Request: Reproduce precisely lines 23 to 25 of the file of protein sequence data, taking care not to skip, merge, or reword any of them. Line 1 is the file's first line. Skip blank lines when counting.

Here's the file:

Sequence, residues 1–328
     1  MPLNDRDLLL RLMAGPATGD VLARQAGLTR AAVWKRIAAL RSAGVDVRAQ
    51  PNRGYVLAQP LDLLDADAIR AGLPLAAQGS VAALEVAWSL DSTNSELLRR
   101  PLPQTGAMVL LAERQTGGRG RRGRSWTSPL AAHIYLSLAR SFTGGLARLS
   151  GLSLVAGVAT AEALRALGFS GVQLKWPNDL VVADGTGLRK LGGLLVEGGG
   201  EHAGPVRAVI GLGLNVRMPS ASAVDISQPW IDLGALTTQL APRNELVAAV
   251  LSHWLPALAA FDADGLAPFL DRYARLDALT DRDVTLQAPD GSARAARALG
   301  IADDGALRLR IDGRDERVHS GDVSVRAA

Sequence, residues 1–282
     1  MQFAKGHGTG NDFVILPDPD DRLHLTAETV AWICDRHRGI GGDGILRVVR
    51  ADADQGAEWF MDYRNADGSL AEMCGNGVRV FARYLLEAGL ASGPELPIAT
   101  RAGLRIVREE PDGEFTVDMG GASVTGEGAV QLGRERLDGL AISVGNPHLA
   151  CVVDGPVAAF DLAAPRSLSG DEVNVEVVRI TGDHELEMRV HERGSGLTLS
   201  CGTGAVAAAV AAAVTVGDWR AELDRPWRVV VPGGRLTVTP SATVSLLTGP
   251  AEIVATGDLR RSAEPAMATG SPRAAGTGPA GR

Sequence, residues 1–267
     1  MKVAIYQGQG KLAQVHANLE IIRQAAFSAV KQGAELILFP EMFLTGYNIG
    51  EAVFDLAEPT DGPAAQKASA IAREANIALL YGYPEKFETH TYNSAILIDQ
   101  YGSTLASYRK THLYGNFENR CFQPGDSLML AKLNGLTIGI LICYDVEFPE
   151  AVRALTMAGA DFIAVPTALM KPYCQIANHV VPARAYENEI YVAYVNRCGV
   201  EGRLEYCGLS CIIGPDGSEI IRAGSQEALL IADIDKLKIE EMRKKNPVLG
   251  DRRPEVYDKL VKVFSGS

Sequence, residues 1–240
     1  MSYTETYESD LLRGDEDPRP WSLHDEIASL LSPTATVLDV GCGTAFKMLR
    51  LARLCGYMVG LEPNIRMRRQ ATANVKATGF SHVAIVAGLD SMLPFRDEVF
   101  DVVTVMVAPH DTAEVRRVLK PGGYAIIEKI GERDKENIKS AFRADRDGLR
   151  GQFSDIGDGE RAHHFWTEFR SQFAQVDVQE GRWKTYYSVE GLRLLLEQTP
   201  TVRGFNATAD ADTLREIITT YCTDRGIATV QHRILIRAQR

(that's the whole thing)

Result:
Sequence, residues 1–240
     1  MSYTETYESD LLRGDEDPRP WSLHDEIASL LSPTATVLDV GCGTAFKMLR
    51  LARLCGYMVG LEPNIRMRRQ ATANVKATGF SHVAIVAGLD SMLPFRDEVF